How much color gamut do displays really need?

In my last post, which focused on the trend towards ever higher resolutions in smartphone displays, I suggested that color performance might be a more useful area of focus for display makers. That’s because, in terms of color gamut, we are a long way from reproducing the full range of colors that our eyes can detect.

For context, let’s add the color gamut of one of the most popular smartphones on the market, Apple’s iPhone, to the chart from my last post:

Best performing smartphones in resolution vs iPhone color gamut performance since 2009.

Best performing smartphones in resolution vs iPhone color gamut performance since 2009.

The latest iPhone only covers about 1/3 of the range of colors our eyes can detect so we’re a long way from matching the acuity of the best displays on the market in terms of resolution. But, how much color do we really need for a great experience?

As a display technologist and color blogger that’s probably the question I’m most frequently asked. If I’m advocating for more colorful displays, how much more am I after? There’s got to be a reasonable limit right?

Perhaps unsurprisingly, the short answer is that it depends on a lot of things. Different applications, from ecommerce to the TV on your living room wall, all require differing amounts of color performance. The environment matters a lot too, if the display will be used outdoors brightness may be a factor. There are slowly evolving broadcast standards and content delivery infrastructure to consider as well. And, of course, technology limitations– what can be achieved today and at what cost?

These are all valid concerns for anyone designing and marketing a new display product but they don’t really answer the bigger question. To me, what we really ought to be asking here is: what would the ultimate consumer experience be in terms of color? To answer that, I think we first need to take a step back, put some the practical stuff aside for the moment, and define what that experience should look and feel like. Once we understand that we can start to put the technological pieces together to achieve it.

What do we want?

So, let’s first ask: what do we want? In a pie in the sky, ideal display, in terms of color performance?

Well, the engineers among us are probably thinking, first and foremost, it has to be accurate and that’s a great place to start. Our displays need to accurately reproduce colors found in nature for increasingly important ecommerce applications, photos we take of our family should look real, not over saturated and professionally created content should be reproduced so that it conveys the artist’s intent without distortion.

But, maybe the marketing folks among us have another criteria in mind and that is a bit more subjective. We want our displays to be immersive and engaging. We want them to jump off the shelf at retail and we want to deliver a unique and exciting experience to our customers.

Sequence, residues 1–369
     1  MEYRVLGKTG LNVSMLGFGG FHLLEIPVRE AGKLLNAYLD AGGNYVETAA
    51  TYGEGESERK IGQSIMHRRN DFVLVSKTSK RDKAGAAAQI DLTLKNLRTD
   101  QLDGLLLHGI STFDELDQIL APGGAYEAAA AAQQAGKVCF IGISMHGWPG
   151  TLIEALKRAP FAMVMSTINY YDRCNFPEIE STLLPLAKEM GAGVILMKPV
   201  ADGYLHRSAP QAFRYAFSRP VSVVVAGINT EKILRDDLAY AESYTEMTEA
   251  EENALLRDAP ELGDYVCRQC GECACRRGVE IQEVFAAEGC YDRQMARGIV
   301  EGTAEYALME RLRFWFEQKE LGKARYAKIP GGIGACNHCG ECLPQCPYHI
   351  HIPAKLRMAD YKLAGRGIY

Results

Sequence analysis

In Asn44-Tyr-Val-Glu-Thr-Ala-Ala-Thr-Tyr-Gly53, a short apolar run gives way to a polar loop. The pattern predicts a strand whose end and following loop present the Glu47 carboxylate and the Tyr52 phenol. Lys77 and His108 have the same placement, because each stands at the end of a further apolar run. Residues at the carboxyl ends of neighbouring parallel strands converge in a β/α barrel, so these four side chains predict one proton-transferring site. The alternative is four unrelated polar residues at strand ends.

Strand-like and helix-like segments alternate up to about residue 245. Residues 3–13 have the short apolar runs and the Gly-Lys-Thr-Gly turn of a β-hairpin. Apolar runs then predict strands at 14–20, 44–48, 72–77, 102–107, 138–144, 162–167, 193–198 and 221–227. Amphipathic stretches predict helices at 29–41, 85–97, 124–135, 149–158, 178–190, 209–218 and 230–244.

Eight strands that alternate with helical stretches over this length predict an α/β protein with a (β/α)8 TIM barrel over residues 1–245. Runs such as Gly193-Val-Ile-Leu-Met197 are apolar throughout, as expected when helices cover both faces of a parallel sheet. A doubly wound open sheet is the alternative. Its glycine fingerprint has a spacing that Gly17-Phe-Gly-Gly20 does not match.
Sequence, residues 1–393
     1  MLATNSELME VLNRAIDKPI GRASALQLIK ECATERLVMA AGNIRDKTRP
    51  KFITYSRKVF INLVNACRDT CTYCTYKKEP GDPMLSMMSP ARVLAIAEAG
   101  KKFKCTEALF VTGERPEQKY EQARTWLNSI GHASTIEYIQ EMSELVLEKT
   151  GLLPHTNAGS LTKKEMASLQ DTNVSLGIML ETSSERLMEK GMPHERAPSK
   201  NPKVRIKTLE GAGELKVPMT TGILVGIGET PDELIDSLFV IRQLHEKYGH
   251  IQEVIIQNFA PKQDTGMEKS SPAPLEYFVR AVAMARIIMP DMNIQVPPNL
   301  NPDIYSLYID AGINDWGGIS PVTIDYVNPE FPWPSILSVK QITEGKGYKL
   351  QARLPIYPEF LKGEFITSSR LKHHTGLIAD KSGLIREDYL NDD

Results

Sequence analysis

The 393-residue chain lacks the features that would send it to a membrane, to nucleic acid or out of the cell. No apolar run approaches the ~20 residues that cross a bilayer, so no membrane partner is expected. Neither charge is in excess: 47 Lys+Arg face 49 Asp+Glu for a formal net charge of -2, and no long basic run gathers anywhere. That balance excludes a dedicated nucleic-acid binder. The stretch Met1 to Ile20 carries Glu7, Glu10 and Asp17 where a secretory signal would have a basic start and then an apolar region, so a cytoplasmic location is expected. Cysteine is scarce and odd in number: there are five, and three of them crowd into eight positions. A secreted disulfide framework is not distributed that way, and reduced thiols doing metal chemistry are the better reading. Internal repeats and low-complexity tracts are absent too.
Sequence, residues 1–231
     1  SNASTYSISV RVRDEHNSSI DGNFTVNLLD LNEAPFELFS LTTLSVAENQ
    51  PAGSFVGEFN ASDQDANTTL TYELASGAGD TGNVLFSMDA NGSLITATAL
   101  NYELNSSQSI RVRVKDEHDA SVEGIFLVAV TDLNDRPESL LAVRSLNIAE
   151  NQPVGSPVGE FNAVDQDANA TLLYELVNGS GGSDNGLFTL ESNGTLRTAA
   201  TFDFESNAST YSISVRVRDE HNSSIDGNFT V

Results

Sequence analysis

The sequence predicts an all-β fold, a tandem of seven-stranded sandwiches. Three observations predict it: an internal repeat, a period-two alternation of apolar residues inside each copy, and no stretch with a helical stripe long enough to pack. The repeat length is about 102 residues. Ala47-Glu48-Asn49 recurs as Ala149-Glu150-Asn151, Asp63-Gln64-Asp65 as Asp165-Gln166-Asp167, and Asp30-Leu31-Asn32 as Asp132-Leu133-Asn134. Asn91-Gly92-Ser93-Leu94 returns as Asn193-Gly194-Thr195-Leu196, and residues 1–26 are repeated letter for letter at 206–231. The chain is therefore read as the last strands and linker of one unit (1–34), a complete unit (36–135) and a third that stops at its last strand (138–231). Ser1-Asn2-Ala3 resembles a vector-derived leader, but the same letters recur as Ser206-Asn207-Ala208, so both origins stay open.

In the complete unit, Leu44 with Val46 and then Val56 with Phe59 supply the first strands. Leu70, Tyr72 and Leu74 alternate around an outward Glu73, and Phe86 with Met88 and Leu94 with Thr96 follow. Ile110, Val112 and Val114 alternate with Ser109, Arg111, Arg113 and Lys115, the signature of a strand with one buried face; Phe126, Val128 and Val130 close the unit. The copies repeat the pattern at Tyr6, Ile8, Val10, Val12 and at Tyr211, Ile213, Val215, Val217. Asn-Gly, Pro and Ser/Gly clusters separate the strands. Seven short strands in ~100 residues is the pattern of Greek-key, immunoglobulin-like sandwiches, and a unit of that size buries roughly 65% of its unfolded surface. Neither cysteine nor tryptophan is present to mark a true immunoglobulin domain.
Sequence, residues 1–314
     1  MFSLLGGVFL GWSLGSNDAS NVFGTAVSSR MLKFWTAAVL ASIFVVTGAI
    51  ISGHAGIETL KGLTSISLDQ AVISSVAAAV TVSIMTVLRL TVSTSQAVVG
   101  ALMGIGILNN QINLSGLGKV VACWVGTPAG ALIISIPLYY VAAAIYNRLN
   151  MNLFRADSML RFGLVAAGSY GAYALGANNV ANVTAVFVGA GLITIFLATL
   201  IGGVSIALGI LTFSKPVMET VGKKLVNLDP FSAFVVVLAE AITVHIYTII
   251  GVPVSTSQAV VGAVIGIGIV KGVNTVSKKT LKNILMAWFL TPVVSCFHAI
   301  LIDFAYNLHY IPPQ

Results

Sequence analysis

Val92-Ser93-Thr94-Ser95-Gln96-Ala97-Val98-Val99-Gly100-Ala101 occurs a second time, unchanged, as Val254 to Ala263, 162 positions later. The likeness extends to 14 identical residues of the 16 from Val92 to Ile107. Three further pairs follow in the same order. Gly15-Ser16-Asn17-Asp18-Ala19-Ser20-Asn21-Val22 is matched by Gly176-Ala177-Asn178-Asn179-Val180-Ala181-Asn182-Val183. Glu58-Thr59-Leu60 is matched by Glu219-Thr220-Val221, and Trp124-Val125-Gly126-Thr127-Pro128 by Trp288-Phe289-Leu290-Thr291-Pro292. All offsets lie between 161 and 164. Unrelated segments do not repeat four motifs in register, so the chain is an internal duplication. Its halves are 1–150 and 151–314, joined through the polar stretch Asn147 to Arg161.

Can we have both?

To find out, I’ll be taking a look at how we perceive color in my next post.

 

Smartphone displays continue to get sharper- how much resolution do we really need?

Last week DisplaySearch put out a new report on the current trend towards ever higher display resolutions. High resolution displays now make up most of the market for handhelds and 300+ ppi “retina-class” resolutions are coming on strong:

Smartphones and handheld devices are moving rapidly to high resolution. 200+ ppi will account for 54% of unit share in in 2013, with 24% of unit share to be 300+ ppi. Even higher resolution panels in the FHD class will emerge. 400-500 ppi FPDs are expected to hit the market with fast shipment growth in 2013. (source: DisplaySearch)

Not exactly earth shattering news. The display industry began rapidly moving towards higher resolutions the moment Apple first unveiled the retina display with it’s iPhone 4 in 2009. What is interesting here is that the trend shows no signs of abating, even as resolutions approach or surpass the acuity of the average human eye.

Highest resolution smartphone from 2009 to 2013 as a percentage of what the human eye can detect

Best performing smartphones in terms of display resolution from 2009 to 2013. Shown as a percentage of what the average human eye can detect.

The HTC One is leading the charge this year at 468 ppi. According to Dr. Ray Soneira of DisplayMate, that’s already equivalent to Apple’s retina display for eyes with 20/20 vision at a distance of just 7.4 inches from the eye- much closer than an average user will typically hold the device.

The question is- just how noticeable are additional increases in resolution beyond 400-500 ppi going to be for consumers? In my view, resolutions above 530 ppi will be wasted on the vast majority of users. Unless you have near perfect vision and hold your phone excessively close to your eye, you just won’t be able to see the difference. Still, device makers seem intent on pushing resolution as far as they can- some manufacturers I spoke with at DisplayWeek 2013 even talked about 4K smartphones!

It’s a shame because there are many other display performance characteristics that would benefit users. They may sound like less exciting specs but color performance, sunlight readability (a combination of reflectance, brightness and color saturation), and efficiency would all improve usability much more than another 50 or 100 ppi in resolution.